The ‘Pasty Tax’ is dead, is the ‘Charity Tax’ next? Fingers-crossed for the next Coalition budget U-turn
by Stephen Tall on May 29, 2012
Yesterday it was the ‘Pasty Tax’ which proved indigestible to the Coalition — the Government U-turned on a tax which would have proved unworkable in reality. Now there are rumours of a second budget reversal, with Tory MP David Ruffley telling BBC News:
“I think the political management here really does demand that there is some lessening of the hit to charities that his cap involves. It wouldn’t surprise me if in the November Autumn Statement there is some change.”
Let’s hope so. The ‘Charity Tax’ was an exemplum of unintended consequences, with the Lib Dems taking aim at tax-avoiding tycoons and accidentally shooting the Coalition’s ‘Big Society’ in the foot.
To see how this happened it’s worth continuing John Ruffley’s quotes because it commits the same basic errors that got the Coalition into this mess in the first place:
“I think it’s fair to point out that on church tax, on pasties and caravans, those involved relatively small amounts of money – sort of, give or take £50m. On something like the capping of charitable relief you’re onto the hundreds of millions, and that’s when it starts getting tricky doing U-turns.”
Wrong. The Treasury itself estimates the saving to the Exchequer from the Charity Tax at £50-100m, not the hundreds of millions that Mr Ruffley plucks out of thin air.
Of course it is true that tax-effective giving levers in additional funding on top — for example, a wealthy philanthropist who pledges half the costs of a new £10m university library makes that project viable, which encourages others to add their contributions. But I don’t think was his point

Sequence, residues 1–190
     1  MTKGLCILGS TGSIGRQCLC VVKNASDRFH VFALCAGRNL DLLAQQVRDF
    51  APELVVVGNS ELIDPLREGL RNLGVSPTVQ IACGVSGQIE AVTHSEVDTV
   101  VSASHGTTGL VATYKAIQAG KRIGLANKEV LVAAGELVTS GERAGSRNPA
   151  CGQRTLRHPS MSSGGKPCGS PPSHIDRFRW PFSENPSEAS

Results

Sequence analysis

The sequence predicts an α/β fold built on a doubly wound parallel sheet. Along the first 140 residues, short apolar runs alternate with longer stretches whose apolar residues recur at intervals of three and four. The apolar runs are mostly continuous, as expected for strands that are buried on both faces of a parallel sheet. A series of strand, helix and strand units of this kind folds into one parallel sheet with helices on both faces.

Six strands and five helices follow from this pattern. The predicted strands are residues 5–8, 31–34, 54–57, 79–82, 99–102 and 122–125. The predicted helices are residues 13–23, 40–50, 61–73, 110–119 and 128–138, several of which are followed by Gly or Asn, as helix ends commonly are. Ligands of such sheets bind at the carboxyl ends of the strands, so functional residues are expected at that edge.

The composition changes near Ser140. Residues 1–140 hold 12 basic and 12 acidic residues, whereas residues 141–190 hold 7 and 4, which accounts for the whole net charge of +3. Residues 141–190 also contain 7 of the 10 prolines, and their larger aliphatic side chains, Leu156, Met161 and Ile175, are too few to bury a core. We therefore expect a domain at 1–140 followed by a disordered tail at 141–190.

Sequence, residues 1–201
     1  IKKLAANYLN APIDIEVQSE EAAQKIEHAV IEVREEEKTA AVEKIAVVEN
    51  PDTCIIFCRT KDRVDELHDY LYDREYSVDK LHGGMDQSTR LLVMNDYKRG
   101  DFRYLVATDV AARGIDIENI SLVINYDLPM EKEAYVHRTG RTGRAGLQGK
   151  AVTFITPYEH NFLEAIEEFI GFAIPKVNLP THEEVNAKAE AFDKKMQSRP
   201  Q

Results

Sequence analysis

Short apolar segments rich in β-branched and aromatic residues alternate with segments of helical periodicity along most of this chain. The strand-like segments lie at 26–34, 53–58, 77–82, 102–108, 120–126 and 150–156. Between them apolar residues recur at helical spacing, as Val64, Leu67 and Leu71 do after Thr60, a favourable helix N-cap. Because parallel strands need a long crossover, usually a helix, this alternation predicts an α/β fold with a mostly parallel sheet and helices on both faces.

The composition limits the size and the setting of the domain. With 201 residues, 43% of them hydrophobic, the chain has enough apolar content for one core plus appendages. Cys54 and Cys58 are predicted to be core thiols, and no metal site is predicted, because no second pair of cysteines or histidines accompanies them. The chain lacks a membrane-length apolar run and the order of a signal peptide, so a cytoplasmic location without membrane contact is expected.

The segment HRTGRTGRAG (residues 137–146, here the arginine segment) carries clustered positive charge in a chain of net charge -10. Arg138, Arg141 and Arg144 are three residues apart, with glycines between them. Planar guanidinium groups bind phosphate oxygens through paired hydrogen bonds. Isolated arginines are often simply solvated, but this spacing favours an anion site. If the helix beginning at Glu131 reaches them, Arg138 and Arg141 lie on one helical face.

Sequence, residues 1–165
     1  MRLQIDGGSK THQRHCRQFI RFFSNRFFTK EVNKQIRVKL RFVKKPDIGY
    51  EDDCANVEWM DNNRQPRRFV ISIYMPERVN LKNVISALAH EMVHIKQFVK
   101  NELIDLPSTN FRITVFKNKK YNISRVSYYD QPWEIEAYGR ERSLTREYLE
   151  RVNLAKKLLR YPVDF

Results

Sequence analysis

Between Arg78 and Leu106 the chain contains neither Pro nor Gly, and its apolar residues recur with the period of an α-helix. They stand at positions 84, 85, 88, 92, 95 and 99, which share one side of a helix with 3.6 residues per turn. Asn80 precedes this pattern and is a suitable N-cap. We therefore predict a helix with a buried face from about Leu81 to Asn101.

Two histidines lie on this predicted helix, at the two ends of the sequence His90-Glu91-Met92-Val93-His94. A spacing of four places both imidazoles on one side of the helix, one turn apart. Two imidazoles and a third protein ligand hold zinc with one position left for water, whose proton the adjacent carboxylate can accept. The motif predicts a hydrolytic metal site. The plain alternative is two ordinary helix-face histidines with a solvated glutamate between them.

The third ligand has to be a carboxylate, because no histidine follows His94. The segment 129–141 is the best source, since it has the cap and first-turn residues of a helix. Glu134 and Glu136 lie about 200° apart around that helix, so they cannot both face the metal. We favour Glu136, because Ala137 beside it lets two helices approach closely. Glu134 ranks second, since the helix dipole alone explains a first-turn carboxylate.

So why did Mr Ruffley think the Charity Tax would yield hundreds of millions of pounds of new revenue? Quite simply by assuming the Charity Tax is the sole component of the Coalition’s crackdown on tax reliefs when it’s not. The full ‘Tycoon Tax’ was expected to yield £300m. Mr Ruffley’s is just the kind of muddled thinking which produces bad policy.
The Coalition would never have got itself into this pickle if it had simply exempted charitable donations from this crackdown from the get-go. But ‘Tycoon Tax’ policy was made in a hurry, on-the-hoof, with the inevitable consequences. And while I’ve handed out some plaudits to Nick Clegg today, for this 24-carat omnishambles he has to take a large part of the blame.
Here’s my archive of stories relating to the ‘Charity Tax’:
- Time for Nick Clegg and the Coalition to see sense and stop the ‘Charity Tax’ (4th April);
- #GiveItBackGeorge – the infographic (aka Scrap the Charity Tax) (5th April);
- ‘Big Society’ hits back at Coalition’s Charity Tax #giveitbackgeorge (8th April);
- National Theatre boss says Jeremy Hunt blindsided by Coalition ‘Charity Tax’ #giveitbackgeorge (10th April);
- If you want to see a 24 carat Government cock-up gradually unfurl before your very eyes… (10th April).
- A question for the Coalition: Would Lib Dems and Tories support the Charity Tax if Labour had proposed it? (13th April)
- Charity Tax: let’s treat all citizens equally & let’s democratically agree what constitutes public benefit (16th April)
- Why Philip Stephens is wrong on the Charity Tax (17th April)
- Charity Tax: good on Nick & Dave for realising there’s a difference between tax avoidance and philanthropy (19th April)
To show your support for the ‘Give it back George’ campaign for the Government to drop the charity tax, please visit this site and sign the petition.